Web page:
Alexander Blount, EdD, professor of family medicine & community health, and Christine N. Runyan, PhD, clinical associate professor of family medicine & community health, are quoted in a story about a man’s 15-year addiction to pain medication and his struggle to overcome addiction.
    Worcester Magazine

  • 07 - 16 - 14

    Drugs for the Rarest Rheumatic Diseases

    Jonathan Kay, MD, professor of medicine, discusses orphan drugs in the rheumatologic diseases.
    Medscape Rheumatology

  • 07 - 15 - 14

    Beth Israel Deaconess launches RNA institute

    Phillip D. Zamore, PhD, Howard Hughes Medical Institute Investigator, the Gretchen Stone Cook Chair of Biomedical Sciences and professor of biochemistry & molecular pharmacology, is quoted in a story about the new Institute for RNA Medicine at Beth Israel Deaconess Medical Center.
    Boston Globe

  • 07 - 15 - 14

    HIV appears again in child thought cured

    The child known as the “Mississippi baby”—an infant seemingly cured of HIV that was reported as a case study of a prolonged remission of HIV infection in The New England Journal of Medicine last fall—now has detectable levels of HIV after more than two years of not taking antiretroviral therapy without evidence of virus, according to the pediatric HIV specialist and researchers involved in the case, including UMass Medical School immunologist Katherine Luzuriaga, MD.
    Health Canal
    The Independent
    Boston Globe
    New York Times
    Wall Street Journal
    NBC News
    CBS News

  • 07 - 15 - 14

    Reform Update: CMS creates fund to seed state-based Medicaid innovation

    Jay S. Himmelstein, MD, MPH, professor of family medicine & community health and medicine, is quoted in an article about overhauling Medicaid payment and delivery methods.
    Modern Healthcare

  • 07 - 14 - 14

    Foul Territory

    Andrew M. Milsten, MD, associate professor of emergency medicine, is quoted in an article about the potential for baseball fans sitting in unprotected seats to suffer severe head injuries from batted balls.
    Atlanta Magazine

  • 07 - 14 - 14

    UMass awards $865K to science and tech research projects, $35K more than 2013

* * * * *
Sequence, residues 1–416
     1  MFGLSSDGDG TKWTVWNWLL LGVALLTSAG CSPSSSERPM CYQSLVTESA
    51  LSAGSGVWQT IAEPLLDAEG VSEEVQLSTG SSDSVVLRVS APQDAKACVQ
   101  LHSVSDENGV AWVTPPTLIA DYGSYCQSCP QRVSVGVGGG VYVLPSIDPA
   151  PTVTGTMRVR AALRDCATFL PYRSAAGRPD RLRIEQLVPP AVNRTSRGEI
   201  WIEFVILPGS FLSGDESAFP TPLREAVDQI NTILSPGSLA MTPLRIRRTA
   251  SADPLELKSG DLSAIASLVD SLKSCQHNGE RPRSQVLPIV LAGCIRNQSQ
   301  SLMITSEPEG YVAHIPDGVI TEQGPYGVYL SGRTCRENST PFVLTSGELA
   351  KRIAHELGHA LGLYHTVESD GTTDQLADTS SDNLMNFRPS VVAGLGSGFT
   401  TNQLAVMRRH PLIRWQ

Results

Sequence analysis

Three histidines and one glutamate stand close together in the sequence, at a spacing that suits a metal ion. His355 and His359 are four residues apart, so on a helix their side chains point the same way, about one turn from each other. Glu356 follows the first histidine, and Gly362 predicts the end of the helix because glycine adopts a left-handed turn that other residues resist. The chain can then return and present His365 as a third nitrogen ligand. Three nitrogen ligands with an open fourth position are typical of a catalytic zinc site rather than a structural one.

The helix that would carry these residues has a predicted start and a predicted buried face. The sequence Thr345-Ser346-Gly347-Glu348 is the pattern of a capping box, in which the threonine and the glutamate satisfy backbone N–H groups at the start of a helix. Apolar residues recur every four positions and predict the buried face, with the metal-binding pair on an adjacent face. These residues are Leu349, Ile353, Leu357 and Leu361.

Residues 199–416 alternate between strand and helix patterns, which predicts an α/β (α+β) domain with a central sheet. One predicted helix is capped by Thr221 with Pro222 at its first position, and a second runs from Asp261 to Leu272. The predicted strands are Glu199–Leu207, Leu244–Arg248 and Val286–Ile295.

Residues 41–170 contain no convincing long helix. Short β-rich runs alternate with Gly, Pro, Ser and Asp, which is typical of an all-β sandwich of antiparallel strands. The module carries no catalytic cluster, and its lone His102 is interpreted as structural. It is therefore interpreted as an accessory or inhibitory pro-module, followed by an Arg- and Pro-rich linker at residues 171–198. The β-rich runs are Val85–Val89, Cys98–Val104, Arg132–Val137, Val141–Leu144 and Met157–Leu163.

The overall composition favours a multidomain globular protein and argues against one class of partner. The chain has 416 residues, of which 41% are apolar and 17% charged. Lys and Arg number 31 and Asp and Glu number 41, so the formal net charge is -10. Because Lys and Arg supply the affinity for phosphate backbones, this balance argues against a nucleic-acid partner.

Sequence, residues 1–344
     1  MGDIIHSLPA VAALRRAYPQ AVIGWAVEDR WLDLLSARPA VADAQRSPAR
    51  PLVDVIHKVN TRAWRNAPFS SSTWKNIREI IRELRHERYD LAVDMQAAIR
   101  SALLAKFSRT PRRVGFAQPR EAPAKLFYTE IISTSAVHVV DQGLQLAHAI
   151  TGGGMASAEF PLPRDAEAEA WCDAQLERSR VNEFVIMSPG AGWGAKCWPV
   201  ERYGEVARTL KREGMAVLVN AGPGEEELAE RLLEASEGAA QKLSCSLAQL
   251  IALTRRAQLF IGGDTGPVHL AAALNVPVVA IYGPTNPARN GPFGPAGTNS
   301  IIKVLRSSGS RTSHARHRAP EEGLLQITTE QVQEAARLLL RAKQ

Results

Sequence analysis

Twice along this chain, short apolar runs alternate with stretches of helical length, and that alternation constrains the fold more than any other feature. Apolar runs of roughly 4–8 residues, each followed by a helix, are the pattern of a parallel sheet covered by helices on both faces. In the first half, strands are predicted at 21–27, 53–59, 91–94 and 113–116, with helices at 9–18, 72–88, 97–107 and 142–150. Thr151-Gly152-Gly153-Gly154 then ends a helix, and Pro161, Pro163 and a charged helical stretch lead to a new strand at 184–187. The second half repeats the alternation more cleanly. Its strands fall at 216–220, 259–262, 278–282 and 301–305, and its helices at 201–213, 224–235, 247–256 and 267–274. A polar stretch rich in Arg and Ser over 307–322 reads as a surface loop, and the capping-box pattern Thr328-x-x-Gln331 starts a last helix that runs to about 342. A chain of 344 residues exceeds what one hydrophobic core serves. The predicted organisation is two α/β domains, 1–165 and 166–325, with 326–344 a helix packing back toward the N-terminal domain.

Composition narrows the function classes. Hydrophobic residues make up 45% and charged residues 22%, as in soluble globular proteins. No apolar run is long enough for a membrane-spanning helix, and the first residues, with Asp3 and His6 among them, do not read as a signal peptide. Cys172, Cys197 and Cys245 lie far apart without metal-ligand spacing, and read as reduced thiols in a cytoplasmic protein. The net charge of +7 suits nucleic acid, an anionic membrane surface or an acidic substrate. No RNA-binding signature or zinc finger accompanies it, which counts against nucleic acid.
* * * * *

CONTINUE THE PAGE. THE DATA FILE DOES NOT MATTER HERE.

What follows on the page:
President Robert L. Caret announced $865,000 in grants from the President's Science and Technology Initiatives Fund. The funds will support seven promising faculty research projects ranging from using big data analytics in climatology and health care to developing radar-like laser technology known as LIDAR to study wind energy and ocean and forested environments.
    Boston Business Journal 

  • 07 - 14 - 14

    WNT Autism Treatment Bill

    Amy Weinstock and Maura Buckley of UMass Medical School’s Eunice Kennedy Shriver Center, both parents of children on the autism spectrum, talked to Charter TV3’s Worcester News Tonight about new legislation that requires MassHealth to cover medically necessary autism services. 
    Channel 3, Worcester News Tonight

  • 07 - 13 - 14

    Sunday: July 13, 2014: Health Check Up

    Shums Alikhan, clinical research assistant, joined Sunday’s edition of CityLine to talk about the SCRIPTT study program, which seeks to address how language barriers and cultural disconnects lead to medical distrust. 
    WCVB Boston
    WCVB Boston

  • 07 - 11 - 14

    If You Find A Tick: Why I Resorted To Mooching Pills To Fight Lyme Disease

    George Abraham, MD, MPH, clinical professor of medicine and governor of the American College of Physicians for the state of Massachusetts, talks to WBUR about guidelines that recommend using a single dose of the antibiotic doxycycline as a prophylactic to prevent Lyme disease.

  • 07 - 10 - 14

    How Addiction Can Affect Brain Connections